Overcoming the sticky keyboard on your Raspberry Pi rev 1 with short surgery
I’d heard of the “sticky key” issue on the Raspberry Pi. I’d even experienced it fleetingly once or twice, early on with Debian Squeeze. It seemed to disappear with the Wheezy beta release. And then I went headless – without a screen – doing everything by ssh for seven weeks while away from base. During that time, we got onto Raspbian Wheezy – the hard float release. Playing around with that, headless, over the summer, using the Edimax EW-7811Un wifi dongle was great. Then it was time to head home.
One of the first things I noticed when I started using a screen again was a serious case of sticky keys. You press a key and it repeats as if you held it down, like thisssssssssssssssssssssssssssssssssssssssssss. It gets old quickly. :pissedoff:
No, it’s not my keyboard. The keyboard isn’t even plugged directly into the Pi. I’m using a Logitech wireless keyboard. The dongle uses a teeny amount of current – I’ve measured it.
For some reason, either Raspbian or the 900 MHz overclock I implemented while away, is enough to push it over the edge and the Pi is protesting. So, having read about issues with USB devices and polyfuses in this thread here (click), I decided to commit the heinous crime of pouring gobs of molten metal on my poor defenceless Pi.
It was time to short out the troublesome polyfuses. It was a bit scary. When I was done, I was pleasantly surprised to find that, not only did the Pi still work, but the sticky key issue was gone forever (cue evil laugh – Mwwwwwwwwwwwaaaaaaaaaaahaaaaaaaaaaaaaaahaaaaaaaaaaa)* 8-)
I used good old-fashioned 60/40 leaded solder, as I thought there would be less chance of baking the Pi with lower temperature solder. It ain’t particularly pretty, but it works. What more can I say? Let the macro photo speak for itself.
I’ve soldered in two short lengths of jumper wire to short out polyfuses F1 and F2. These fuses have been removed from the official revision 2 Raspberry Pi board, so I figure it should be safe – as long as used with good regulated power supplies. (According to Dom, a 1 Ohm resistor would be the ideal solution, rather than shorting them, but I didn’t have any).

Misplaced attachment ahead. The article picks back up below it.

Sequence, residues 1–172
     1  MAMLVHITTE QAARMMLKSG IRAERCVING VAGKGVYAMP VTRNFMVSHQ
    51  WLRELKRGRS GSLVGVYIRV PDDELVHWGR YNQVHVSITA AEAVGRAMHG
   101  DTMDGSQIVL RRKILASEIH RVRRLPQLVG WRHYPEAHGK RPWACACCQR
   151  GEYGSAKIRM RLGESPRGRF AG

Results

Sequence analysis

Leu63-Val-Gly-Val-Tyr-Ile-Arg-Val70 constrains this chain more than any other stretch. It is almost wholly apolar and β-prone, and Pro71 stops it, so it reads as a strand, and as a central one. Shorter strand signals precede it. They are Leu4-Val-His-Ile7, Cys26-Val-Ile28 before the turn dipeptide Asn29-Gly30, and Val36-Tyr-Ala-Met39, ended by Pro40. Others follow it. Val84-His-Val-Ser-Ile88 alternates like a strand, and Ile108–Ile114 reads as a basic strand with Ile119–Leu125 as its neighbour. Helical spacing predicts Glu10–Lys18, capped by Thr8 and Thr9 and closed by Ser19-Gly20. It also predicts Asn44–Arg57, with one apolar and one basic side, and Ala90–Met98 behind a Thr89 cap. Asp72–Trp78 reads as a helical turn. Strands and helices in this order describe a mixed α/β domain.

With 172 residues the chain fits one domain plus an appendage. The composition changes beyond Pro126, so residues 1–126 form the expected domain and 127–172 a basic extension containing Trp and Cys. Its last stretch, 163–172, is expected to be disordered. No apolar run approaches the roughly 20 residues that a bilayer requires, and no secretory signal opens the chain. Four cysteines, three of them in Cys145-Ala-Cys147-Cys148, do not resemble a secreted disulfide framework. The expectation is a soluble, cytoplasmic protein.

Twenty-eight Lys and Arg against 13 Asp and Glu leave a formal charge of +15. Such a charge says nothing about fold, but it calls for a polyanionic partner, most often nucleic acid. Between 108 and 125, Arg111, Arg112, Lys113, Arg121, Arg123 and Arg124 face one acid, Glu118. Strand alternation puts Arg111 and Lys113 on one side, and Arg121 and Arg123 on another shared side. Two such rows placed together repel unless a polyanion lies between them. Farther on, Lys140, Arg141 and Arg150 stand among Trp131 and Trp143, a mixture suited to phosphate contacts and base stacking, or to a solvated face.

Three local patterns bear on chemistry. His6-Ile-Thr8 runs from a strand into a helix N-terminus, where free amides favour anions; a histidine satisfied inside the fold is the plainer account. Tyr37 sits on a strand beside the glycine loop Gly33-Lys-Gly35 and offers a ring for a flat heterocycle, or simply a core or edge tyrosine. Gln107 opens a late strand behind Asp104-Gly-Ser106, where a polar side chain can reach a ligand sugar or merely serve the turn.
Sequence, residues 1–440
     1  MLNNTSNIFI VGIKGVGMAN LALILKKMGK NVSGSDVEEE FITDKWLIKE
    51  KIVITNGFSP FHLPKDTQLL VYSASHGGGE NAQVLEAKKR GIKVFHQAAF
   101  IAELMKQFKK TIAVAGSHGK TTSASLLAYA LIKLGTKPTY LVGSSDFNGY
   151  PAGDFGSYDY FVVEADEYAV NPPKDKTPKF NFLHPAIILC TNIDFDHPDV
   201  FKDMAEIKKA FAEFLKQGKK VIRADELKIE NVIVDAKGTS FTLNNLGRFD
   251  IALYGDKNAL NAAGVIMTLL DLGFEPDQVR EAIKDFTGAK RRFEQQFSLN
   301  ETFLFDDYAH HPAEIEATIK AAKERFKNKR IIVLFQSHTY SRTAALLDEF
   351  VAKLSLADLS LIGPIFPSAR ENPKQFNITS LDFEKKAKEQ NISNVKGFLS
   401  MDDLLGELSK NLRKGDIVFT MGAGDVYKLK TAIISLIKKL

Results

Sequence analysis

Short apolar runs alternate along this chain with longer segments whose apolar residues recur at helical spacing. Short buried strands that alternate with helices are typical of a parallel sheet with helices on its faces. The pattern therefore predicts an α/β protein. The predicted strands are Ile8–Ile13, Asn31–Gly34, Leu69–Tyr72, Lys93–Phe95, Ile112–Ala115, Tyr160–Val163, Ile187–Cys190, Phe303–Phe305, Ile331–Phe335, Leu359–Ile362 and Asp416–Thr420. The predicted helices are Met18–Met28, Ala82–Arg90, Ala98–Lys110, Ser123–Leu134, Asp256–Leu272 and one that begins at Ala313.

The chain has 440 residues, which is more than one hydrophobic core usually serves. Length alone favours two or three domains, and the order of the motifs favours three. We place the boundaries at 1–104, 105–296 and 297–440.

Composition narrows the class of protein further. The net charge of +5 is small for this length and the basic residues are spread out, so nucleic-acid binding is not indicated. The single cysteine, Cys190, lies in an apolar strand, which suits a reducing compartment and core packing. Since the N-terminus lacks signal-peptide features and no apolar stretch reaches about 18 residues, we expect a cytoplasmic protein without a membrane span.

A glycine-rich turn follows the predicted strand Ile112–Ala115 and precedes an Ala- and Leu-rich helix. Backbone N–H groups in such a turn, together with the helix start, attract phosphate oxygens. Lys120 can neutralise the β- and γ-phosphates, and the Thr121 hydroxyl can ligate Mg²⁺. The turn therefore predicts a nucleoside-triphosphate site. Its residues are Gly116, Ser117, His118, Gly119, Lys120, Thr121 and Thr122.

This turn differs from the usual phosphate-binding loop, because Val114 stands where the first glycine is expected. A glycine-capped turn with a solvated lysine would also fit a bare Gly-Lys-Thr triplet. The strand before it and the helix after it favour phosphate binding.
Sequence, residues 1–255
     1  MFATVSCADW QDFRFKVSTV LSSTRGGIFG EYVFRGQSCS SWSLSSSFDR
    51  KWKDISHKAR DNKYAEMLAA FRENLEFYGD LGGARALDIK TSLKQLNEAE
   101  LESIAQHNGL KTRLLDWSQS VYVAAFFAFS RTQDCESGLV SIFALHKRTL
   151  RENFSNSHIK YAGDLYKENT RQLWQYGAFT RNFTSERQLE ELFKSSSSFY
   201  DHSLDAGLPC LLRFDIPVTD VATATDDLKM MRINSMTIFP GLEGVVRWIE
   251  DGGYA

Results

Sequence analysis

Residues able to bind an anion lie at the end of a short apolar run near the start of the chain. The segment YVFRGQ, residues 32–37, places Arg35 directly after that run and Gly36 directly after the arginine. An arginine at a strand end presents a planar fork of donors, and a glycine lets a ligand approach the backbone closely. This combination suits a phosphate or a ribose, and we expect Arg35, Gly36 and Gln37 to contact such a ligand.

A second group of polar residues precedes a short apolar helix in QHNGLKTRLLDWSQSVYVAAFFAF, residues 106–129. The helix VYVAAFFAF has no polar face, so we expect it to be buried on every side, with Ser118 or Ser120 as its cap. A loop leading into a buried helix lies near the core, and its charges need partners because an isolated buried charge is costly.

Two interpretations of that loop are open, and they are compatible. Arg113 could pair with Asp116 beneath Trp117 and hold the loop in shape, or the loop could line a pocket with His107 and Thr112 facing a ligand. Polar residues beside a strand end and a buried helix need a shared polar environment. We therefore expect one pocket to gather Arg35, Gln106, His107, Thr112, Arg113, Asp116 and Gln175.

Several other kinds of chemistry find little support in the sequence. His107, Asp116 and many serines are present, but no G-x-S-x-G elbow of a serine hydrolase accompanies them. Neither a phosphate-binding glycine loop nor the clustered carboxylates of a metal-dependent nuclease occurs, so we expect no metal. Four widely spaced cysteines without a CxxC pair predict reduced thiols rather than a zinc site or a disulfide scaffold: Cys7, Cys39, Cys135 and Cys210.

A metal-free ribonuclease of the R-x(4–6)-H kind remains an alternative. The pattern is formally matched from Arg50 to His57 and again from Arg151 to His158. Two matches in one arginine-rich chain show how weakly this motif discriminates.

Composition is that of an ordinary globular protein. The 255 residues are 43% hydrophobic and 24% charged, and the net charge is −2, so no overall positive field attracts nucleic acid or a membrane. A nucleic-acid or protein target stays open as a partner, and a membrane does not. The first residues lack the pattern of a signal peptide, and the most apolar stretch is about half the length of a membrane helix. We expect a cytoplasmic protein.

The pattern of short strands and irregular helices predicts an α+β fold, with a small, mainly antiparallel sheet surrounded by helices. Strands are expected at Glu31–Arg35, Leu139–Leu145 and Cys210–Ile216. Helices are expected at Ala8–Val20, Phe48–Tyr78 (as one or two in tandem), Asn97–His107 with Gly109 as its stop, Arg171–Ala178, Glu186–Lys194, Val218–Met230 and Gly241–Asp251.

Please NOTE: This is not foolproof. I still get sticky keys once in a while, but not as much as before
* Deliberate ironic use of simulated sticky key to denote evil laugh at the demise of sticky key.
Hi, I didn’t know where else to post this but I thought I’d say congrats on a terrific site.
My Pi hasn’t arrived yet (don’t expect it for a few weeks) but resources like this is everything that I need right now. Cheers.
Thank you :-) It’s a good time to hang out on the forums and soak up all that’s happening. You’ll learn a lot and have fun on the way. And when Pi arrives, you’ll know what to do.
Does everything still work as intended? Does it have any side effects?
If you short them like I have, you can’t hot-swap USB devices like WiFi dongles, but they can be attached before boot. Apparently, using a 1 Ohm resistor overcomes this. Haven’t found any other issues. This is the Pi I’m using in the Gertboard videos. :-)
If you’re using a wireless keyboard, you could also try new batteries. That sometimes helps too.
I run all my pis using a high current 5 volt power supply plugged into the 5 volt pins on the GPIO header. This by passes the fuse problems and gives you much more current ability than the pi will ever use. I built a super computer using 20 pies all plugged into one power supply, worked great with no issues. Now be advised, you make a mistake hooking it up, or later with hooking other things up, you are not protected by fuses, although you could put some fast blow fuses in on the +5 volt line of appropriate current ratings but I have ran this way for years and never lost a pi yet to any issue dealing with power, haven’t had any power supply issues either. You can buy good 5 volt 20 amp, or less, or more, but mine is 20 amp and cost about $20 U.S.